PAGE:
And for whatever reason, we only really see him once, at the very end of the film, so it's a slasher without an actual slasher. Doing the POV thing is fine for a whodunit (a la Friday the 13th, which has its own issues), but with so few kills it's puzzling that he has such a poorly defined appearance. The legend goes that Tom Savini chose to work on this film instead of Friday Part 2 (which is a shaky story since they didn't shoot at the same time - seems he could have done both if he wanted), but even Friday 2, with its inferior makeup, gave Jason a presence. It's almost like they wrote it as a sort of whodunit ("Oh shit, it's the guy from the beginning! He survived!") but forgot to change the rest of the script when they added those hospital scenes that tell us who it is.

That said, it does get one thing right - the kids are pretty likable. I don't agree that the ones in Friday the 13th are the types you're "waiting" to be killed (someone says this on the bonus features, I can't remember who though - might have even been Savini), but apart from the asshole bully Glaser, they're all charming and get along, making it no surprise that this has the record for most appearances by future stars: Holly Hunter, Jason Alexander, and Fisher Stevens all made their debuts here, and even some of the others, while not huge stars, have enjoyed lengthy careers and are recognizable (such as Ned Eisenberg, who plays a long running recurring character on Special Victims Unit). Sure, they're probably too old to be playing the characters they're portraying (the one playing Alfred the nerd was like 24), but it's not as silly as My Bloody Valentine, with a bunch of 30 year olds being called "Kids" every other scene.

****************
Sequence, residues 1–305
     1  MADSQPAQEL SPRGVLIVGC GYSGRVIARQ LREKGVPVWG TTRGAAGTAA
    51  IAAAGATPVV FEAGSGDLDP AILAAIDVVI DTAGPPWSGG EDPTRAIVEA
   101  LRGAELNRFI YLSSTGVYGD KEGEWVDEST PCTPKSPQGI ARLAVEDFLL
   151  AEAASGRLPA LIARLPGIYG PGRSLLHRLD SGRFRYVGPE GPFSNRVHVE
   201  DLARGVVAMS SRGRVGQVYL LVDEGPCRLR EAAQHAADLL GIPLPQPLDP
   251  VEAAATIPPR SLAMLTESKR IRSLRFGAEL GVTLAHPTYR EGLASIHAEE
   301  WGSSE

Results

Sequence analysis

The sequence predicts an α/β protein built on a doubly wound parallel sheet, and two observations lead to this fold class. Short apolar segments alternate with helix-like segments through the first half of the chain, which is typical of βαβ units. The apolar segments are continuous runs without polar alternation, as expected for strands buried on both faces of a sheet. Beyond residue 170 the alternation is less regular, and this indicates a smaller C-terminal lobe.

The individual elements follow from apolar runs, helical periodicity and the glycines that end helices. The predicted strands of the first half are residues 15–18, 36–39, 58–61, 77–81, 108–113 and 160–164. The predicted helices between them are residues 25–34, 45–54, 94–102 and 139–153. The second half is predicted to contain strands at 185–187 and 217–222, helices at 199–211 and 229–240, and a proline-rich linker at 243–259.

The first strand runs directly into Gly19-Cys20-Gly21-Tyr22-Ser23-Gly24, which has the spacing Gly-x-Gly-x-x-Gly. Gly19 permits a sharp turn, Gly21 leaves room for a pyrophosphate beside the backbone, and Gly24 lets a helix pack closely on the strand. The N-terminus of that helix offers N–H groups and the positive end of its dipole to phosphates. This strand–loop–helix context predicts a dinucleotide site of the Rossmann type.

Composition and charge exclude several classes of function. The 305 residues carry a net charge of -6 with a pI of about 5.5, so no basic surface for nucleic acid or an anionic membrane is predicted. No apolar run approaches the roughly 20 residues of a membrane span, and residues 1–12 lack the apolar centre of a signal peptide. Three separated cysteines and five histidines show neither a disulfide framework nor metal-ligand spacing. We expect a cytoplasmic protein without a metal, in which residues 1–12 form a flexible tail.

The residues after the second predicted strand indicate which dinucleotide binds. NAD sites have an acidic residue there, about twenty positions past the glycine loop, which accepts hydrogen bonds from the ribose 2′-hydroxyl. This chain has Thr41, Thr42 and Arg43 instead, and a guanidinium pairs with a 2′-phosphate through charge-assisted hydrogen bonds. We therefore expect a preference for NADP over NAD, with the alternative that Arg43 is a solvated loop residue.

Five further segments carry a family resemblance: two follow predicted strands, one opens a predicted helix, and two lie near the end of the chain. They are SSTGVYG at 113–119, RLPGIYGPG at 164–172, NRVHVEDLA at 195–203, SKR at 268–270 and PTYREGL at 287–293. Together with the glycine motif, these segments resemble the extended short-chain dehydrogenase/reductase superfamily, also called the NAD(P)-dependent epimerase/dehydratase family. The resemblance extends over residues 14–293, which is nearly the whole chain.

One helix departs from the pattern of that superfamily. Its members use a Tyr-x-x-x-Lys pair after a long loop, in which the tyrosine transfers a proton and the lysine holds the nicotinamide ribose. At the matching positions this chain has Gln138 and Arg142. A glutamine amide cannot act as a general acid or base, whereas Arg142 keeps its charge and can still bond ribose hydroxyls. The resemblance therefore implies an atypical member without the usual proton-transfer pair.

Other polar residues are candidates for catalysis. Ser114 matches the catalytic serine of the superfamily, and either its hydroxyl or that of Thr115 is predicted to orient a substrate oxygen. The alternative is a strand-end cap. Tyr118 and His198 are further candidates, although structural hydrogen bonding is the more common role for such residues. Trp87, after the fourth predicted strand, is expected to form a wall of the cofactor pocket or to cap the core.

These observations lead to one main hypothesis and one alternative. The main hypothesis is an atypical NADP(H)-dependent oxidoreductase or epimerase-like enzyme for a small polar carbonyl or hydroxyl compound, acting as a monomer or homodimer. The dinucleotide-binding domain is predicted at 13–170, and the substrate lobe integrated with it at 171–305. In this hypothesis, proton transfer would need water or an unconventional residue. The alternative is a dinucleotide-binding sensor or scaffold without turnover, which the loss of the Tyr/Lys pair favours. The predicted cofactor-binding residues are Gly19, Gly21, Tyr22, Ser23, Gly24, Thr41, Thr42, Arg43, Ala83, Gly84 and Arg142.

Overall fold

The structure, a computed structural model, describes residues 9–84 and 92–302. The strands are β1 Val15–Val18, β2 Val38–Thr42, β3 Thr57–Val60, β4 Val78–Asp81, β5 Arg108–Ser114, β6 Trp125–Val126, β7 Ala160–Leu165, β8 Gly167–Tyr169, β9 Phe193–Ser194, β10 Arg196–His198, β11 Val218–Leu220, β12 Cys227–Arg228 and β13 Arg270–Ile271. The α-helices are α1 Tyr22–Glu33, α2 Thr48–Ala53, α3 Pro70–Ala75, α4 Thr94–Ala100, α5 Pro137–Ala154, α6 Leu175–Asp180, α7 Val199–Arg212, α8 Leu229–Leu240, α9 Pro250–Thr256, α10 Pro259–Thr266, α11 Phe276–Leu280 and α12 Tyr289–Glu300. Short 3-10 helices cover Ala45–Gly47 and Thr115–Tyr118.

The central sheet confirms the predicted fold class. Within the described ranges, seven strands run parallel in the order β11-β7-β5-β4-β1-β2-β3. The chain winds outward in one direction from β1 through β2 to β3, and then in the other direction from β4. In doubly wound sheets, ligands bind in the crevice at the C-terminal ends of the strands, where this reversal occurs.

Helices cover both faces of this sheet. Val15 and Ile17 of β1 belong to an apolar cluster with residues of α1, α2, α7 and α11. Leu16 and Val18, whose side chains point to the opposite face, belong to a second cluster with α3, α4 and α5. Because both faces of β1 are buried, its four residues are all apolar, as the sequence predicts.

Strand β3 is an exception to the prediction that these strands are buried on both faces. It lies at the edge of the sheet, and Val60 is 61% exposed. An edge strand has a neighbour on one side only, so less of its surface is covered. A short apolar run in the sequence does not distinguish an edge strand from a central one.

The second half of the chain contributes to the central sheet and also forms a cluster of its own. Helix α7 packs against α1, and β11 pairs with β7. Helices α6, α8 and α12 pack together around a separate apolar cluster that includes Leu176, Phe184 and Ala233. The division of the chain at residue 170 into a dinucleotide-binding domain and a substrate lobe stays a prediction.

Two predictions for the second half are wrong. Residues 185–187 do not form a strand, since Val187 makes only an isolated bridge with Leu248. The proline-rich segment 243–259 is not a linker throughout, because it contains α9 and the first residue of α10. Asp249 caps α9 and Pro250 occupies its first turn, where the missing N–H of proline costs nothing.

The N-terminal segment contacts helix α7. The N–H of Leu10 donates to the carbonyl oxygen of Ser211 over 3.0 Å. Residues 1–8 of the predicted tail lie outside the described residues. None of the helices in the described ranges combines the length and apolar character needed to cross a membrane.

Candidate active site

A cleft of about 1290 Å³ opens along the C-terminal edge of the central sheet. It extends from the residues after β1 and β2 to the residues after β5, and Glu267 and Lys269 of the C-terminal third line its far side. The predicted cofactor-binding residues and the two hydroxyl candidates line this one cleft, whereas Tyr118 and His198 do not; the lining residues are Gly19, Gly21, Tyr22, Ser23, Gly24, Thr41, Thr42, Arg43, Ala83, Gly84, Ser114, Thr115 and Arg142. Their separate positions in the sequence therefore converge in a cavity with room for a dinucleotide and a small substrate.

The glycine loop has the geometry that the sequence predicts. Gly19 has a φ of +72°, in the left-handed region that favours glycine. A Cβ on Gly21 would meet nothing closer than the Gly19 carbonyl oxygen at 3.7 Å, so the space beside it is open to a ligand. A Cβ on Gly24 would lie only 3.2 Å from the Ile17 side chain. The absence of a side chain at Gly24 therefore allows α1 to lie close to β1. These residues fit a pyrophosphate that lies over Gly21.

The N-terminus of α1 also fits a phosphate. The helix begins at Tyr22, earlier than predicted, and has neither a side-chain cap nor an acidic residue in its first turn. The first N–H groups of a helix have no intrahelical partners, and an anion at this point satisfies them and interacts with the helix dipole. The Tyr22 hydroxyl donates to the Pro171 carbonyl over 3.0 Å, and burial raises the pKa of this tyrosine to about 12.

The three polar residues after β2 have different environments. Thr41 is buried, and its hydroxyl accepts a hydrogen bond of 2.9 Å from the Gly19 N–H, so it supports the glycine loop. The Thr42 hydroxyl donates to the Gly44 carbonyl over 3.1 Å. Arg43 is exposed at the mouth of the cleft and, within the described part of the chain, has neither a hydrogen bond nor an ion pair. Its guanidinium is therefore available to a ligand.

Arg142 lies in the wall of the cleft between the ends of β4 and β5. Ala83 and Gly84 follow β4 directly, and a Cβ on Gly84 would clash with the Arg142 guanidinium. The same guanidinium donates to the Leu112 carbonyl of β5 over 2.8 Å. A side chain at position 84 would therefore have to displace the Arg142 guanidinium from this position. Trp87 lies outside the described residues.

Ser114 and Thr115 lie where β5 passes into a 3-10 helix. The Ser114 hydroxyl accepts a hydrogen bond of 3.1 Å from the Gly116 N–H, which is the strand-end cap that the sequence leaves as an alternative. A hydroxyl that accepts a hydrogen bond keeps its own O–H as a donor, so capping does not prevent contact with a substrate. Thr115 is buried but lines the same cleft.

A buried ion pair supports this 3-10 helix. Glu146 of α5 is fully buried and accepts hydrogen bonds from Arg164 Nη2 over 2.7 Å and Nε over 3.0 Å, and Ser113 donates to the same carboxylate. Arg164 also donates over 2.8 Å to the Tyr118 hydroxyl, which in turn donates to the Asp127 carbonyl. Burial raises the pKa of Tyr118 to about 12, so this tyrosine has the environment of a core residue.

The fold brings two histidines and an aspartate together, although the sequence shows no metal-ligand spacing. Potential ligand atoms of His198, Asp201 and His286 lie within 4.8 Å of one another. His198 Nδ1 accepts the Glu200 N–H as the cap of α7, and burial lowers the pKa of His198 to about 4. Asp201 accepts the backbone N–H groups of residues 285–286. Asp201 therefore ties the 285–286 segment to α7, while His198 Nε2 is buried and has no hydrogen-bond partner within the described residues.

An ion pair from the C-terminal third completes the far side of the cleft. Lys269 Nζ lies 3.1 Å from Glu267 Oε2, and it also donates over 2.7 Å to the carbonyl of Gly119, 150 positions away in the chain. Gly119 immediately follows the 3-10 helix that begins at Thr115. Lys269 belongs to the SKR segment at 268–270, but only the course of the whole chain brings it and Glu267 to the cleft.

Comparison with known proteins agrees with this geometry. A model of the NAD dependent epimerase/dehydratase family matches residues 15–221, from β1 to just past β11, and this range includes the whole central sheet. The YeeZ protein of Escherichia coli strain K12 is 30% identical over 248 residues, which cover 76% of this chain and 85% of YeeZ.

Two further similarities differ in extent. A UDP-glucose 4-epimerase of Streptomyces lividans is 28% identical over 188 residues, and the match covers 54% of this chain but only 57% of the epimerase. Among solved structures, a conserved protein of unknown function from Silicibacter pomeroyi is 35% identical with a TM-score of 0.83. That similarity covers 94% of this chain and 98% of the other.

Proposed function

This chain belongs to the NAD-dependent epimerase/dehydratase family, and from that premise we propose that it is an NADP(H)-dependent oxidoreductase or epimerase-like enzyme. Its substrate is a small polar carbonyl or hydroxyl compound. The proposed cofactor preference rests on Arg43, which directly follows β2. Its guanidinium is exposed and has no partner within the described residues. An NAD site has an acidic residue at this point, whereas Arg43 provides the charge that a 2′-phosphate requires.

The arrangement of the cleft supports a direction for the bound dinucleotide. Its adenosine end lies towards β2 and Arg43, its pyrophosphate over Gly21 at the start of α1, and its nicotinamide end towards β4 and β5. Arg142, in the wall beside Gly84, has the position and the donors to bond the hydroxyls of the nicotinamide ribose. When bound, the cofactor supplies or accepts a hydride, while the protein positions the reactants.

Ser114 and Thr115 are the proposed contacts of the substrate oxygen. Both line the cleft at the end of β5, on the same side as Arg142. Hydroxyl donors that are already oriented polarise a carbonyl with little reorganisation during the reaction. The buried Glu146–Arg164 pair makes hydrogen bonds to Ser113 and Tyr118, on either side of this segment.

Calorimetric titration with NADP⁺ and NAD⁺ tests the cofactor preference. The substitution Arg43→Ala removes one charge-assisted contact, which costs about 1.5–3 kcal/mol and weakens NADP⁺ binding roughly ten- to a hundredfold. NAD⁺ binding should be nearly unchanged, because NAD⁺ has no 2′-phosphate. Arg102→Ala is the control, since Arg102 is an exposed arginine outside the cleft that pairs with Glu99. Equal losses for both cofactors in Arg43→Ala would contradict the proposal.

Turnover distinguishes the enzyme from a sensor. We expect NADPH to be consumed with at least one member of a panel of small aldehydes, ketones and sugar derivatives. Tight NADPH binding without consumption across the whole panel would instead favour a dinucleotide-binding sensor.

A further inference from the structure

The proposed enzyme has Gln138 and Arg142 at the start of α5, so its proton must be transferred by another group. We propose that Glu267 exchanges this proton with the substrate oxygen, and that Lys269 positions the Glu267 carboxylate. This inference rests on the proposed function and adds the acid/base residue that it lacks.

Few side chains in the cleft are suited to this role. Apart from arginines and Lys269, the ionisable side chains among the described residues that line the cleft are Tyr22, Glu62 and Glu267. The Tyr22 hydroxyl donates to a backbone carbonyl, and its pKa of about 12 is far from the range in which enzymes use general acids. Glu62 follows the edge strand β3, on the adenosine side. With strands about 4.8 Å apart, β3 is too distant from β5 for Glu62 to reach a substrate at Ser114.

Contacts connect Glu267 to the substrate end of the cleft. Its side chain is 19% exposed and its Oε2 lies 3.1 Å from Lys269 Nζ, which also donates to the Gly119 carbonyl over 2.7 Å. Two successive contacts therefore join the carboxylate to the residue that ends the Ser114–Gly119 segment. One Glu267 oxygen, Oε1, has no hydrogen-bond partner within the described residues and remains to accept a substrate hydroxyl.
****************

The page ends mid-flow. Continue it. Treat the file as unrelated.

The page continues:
However, many agree they got a lot more than that right, and they should be more than satisfied with this new special edition (and first Blu-ray appearance) from Scream Factory. MGM put out a special edition a couple years ago, and all of those extras (commentary with Maylam moderated by Alan Jones, interview with Savini, and some behind the scenes video from the production) are carried over, and then some. Once again Shout has neglected to list all of the bonus features on the back, which is puzzling as anyone who already owns the MGM edition would see no need to upgrade beyond having the Blu-ray transfer (which is terrific, as is always the case with them). There's a new commentary by actresses Shelley Bruce and Bonnie Deroski, which can be a bit dull as neither of them was a huge part of the movie and the moderator (missed the name) just asks basic questions like "Did anything funny happen on set?" (in contrast, Jones is so entertaining as a moderator on his I almost wish he was solo). They also ditch the track with like 5 minutes left of the movie, which is a bit odd - perhaps they should have just done select scenes (i.e. the ones they're actually in?) or at least gotten a moderator that could add his own insight.